Panamax just released from Lucas Carlson and his team at CenturyLink Labs. They’ve created a contest for putting together the best Panamax templates, with various categories being judged. They’re giving over $100,000 worth of prizes. Definitely check it out when you have a chance! Today is the last day to submit!
I had recently talked about using cAdvisor to monitor Docker containers. But as I mentioned, running cAdvisor provides ephemeral data for your containers. For this data to be truly valuable, it needs to be logged in a database. And once we have that data logged in a database, wouldn’t it be nice to view it in a nicely charted graph? My thoughts exactly 🙂
The power of Panamax comes from application templates. Templates are similar to fig files, but once you define your application template it can be shared with anyone. You can even search the database to find publicly available templates built by others. Now all of your hard work configuring and tweaking each of your images won’t be in vain. You just have to get it working once, and now you can reproduce the exact same technology stack on demand.
cAdvisor doesn’t record data historically. We modified it so that when it’s first launched with a Docker link it will automatically connect to InfluxDB and use it as its datastore backend.
Our modified version of cAdvisor saves the step of having to normally pass flags from cAdvisor to InfluxDB to connect the two.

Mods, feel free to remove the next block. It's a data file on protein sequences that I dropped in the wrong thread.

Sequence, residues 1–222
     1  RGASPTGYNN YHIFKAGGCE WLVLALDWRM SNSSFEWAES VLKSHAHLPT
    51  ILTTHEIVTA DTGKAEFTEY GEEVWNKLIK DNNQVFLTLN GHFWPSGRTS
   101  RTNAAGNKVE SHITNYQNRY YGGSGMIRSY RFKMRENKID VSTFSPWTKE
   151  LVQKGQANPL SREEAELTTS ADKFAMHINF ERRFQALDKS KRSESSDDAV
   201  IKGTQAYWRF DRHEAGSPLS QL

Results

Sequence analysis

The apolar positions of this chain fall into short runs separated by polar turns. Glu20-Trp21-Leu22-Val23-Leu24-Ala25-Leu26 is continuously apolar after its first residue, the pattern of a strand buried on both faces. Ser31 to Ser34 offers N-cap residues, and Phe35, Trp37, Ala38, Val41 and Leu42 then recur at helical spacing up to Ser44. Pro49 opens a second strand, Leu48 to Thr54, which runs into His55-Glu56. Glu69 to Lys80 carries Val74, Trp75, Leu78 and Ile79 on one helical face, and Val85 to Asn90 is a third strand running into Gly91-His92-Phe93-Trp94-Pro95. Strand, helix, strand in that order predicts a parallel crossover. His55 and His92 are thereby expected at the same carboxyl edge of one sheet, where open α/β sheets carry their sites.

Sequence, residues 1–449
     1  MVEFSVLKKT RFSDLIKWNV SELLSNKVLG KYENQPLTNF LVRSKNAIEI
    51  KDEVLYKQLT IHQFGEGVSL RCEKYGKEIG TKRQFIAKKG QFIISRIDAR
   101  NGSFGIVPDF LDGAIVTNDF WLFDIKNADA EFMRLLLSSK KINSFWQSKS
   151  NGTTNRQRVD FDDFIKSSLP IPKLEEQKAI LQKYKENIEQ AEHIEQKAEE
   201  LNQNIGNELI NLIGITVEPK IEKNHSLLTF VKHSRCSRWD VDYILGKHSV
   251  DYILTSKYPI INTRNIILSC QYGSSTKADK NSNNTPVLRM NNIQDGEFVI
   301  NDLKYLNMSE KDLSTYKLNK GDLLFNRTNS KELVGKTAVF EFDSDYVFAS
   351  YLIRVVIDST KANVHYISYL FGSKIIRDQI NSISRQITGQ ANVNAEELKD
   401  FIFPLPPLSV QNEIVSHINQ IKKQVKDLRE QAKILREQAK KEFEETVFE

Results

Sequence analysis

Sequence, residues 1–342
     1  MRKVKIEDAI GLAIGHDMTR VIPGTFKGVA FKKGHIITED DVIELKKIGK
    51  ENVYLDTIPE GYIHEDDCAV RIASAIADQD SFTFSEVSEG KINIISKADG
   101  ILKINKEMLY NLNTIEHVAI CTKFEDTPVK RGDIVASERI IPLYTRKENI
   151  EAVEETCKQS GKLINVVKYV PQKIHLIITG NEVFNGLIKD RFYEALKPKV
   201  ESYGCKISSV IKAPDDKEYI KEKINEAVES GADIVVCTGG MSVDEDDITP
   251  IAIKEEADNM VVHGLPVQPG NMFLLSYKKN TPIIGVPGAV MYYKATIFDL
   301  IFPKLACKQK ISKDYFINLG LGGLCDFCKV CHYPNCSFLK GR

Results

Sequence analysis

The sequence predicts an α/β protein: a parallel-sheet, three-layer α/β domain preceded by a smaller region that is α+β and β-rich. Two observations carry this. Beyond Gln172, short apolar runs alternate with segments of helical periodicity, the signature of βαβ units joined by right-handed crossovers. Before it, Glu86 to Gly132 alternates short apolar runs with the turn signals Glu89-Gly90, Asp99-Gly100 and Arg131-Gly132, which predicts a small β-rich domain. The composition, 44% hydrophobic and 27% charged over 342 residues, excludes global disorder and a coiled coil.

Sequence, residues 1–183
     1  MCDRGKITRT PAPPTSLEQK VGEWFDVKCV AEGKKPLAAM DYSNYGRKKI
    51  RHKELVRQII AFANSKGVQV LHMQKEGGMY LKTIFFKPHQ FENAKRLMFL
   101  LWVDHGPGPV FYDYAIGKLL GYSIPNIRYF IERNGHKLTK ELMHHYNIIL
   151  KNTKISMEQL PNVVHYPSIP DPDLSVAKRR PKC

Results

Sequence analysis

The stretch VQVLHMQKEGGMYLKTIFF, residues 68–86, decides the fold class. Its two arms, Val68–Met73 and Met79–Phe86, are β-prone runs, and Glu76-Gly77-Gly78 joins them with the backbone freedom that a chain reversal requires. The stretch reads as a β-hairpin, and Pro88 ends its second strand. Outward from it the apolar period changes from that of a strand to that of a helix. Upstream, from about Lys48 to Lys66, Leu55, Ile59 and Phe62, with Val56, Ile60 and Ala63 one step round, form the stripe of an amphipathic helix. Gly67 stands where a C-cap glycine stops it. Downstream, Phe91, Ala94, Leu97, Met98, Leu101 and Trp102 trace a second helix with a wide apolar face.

Why use Grafana? Doesn’t InfluxDB have an interface? Grafana let’s us store our searches, and display the results in pretty looking graphs.
So the first step is to fire up Panamax. You can find the install directions here.
Get started with:
Once it has successfully launched, a new browser window will be automatically opened to:
Now we need to load the proper source repositories. Just click on the Manage tab and type in the repository name.
We’ll be adding:
Next we’re going to set up our ports. We’ll be forwarding our virtual box ports to match the ports ElasticSearch, Grafana, and InfluxDB listen on.
I’ll launch virtualbox by just typing in the terminal:
From there click on the little green + icon and we’ll be adding in three port mappings:
Once you’re done it should look like this:
Now that we’re all setup, we’ll head back over to our browser where we have Panamax running. Now we have to search and find the template that I created. It’s called
Go ahead and click on
You’ll be taken to the Application Services Dashboard. Another neat aspect of Panamax is the ability to drag and drop services into different categories that you can custom name.
I went ahead and assigned InfluxDB to Database, cAdvisor to Application, ElasticSearch to Analytics and Grafana to Frontend.
We’re going to mouse over Grafana and click on the little magnifying glass on the right-hand side.
From here we can see which port our service is listening on.
Scrolling down on the right hand side, we can see all of the passwords for each of our services. Make sure to take note of the Grafana username and password.
Next we’re going to access Grafana. Go to your web browser and type in:
You’ll be prompted for your Grafana username and password. Once you successfully login you’ll be brought to Grafana’s Dashboard. The dashboard may not initially show up and the screen will remain blank. If this happens just hit refresh on your browser and it should pop right up.
Let’s test to see if Grafana is collecting data. Click on the name of the graph, it should be
Graphite test, and from the dropdown select
Click on the
Series field and select
stats, click on
(value) and choose which data you’d like to view. Soon enough your graph will become populated with the data cAdvisor is collecting.
I hope you found this helpful! If you have any questions make sure to check out the readme file, and feel free to ask me any questions here!